On Faith + Flourishing
The universe buries strange jewels deep within us all,
and then stands back to see if we can find them.
The wheels of the airplane lift off the ground, and I feel the weightlessness of acceleration that’s different than any other time I’ve taken off to travel. Tears begin running down my face, and I realize I’m in the process of “letting go” of all I’ve been holding onto, perhaps too tightly. With nothing to do but embrace the strangeness of being physically untethered from my husband and the five children I’ve left behind, I find myself looking back across the trajectory of my motherhood experience that began almost 15 years ago to the date when I first saw two blue lines on a stick.
I ride this jet stream towards France, away from the familiar ties that bound me as I brought my children into this world. I am unlike the woman I once was, and I feel into this new vastness of my being. Suddenly, there is no new life growing in my womb, no infant needing to nurse, no toddler tugging at my side, no one asking for another “thing” they want, and the cavernous space that is now my heart, which has swollen to meet the demands of nurturing, feels like miraculous growth. Yet I know my capacity to hold, witness, and love unconditionally has expanded perhaps as slowly and unseen as my womb each time it stretched with life over a nine-month period.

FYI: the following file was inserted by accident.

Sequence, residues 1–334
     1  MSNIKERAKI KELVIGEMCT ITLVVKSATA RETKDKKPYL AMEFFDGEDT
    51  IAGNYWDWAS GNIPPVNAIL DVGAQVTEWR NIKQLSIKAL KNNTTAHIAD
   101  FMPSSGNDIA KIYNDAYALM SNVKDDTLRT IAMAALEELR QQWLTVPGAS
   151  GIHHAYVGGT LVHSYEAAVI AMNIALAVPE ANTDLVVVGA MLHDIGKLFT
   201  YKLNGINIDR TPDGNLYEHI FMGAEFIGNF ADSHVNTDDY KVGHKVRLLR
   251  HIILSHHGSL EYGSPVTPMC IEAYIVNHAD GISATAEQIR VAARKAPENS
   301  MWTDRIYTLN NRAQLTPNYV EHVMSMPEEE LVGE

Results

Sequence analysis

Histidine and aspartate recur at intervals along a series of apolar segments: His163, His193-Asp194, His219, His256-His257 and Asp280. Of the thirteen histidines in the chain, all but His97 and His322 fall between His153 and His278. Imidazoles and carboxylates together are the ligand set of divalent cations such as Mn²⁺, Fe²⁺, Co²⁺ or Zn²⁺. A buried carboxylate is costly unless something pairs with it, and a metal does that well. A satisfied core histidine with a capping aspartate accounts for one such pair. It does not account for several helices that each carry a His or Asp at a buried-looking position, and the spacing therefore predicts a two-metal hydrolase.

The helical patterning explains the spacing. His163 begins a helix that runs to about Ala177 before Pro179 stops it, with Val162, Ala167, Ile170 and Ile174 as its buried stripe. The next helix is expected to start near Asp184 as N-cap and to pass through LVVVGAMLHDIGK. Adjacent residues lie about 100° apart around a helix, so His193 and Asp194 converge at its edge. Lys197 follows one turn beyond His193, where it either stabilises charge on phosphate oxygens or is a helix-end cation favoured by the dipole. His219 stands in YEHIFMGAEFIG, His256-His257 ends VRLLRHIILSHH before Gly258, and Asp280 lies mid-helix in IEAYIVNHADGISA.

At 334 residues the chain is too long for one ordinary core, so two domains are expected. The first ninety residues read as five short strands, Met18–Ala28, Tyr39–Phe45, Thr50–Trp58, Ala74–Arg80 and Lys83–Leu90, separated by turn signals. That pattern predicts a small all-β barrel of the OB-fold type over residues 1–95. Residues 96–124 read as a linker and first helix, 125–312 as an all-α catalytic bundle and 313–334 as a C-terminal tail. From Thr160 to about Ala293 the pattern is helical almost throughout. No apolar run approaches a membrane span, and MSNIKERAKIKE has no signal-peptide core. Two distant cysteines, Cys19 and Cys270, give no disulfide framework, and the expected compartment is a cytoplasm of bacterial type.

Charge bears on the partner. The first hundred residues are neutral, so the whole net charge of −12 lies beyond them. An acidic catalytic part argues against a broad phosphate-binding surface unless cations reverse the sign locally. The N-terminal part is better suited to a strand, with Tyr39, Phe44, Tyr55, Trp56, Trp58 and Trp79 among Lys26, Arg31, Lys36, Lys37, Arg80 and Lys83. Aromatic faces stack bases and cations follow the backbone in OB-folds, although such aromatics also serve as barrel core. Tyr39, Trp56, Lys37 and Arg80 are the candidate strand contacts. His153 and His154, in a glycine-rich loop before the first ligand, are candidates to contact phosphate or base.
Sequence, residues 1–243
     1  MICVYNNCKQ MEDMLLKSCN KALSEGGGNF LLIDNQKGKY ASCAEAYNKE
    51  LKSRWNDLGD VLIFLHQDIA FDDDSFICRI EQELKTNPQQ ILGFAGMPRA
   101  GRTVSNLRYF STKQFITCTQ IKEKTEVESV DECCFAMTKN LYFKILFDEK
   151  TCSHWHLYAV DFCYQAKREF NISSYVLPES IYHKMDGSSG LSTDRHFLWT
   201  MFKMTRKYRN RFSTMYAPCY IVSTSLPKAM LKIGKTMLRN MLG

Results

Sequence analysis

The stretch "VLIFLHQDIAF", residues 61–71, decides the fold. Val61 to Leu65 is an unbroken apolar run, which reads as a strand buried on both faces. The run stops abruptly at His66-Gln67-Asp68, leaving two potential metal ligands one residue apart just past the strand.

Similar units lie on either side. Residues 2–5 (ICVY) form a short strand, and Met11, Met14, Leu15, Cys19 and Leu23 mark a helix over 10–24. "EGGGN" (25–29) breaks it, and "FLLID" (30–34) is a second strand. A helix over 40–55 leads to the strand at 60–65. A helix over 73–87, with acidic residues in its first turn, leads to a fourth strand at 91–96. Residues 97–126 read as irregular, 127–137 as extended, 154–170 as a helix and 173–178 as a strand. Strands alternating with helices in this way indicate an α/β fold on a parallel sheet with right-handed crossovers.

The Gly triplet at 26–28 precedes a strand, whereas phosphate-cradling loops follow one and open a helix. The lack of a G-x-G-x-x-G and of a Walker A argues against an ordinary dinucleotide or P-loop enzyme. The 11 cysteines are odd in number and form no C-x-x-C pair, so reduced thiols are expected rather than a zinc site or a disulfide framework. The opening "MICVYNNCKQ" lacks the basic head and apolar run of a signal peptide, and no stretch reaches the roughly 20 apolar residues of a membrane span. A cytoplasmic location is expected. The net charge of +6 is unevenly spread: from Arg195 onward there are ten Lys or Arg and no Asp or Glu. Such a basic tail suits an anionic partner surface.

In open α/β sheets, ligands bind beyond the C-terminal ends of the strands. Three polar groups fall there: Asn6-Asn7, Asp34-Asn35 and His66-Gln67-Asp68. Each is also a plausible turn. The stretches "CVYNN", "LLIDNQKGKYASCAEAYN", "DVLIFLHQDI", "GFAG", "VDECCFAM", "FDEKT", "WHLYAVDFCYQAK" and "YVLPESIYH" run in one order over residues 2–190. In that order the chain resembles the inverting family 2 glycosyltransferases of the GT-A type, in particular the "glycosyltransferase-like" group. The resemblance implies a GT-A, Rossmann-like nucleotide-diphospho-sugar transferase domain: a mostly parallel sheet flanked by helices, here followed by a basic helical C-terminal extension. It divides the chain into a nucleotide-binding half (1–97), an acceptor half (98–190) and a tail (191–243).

At some point in the overwhelm of responsibility, I realized that each day my children woke up different—with new words, skills, and nuances to their personalities they didn’t have when I tucked them in the night before. “This too shall pass,” a phrase I often spoke to myself, referred to all of it—from the infant musk and sleepless nights to snuggles and tantrums. Indeed, I’ve been enveloped by the sea of impermanence since the day my heart cracked open with the vulnerability that became my birthplace of growth. That’s when I started treading water to stay afloat in those dichotomous emotions that crashed against me, asking, “Are you going to sink or are you going to swim?”
I tried valiantly to swim against the tides, each stroke a monumental effort fueled by those great expectations of all I needed to be or do more of. My oldest now bleeds with the cycles of the moon, and my youngest recently freed me from 14 years of diapers when he finally decided to potty train. I’ve made it this far because I learned how to roll over onto my back and float, allowing the weight of the water to hold me as I surrendered to the current that carried me in new and unusual directions.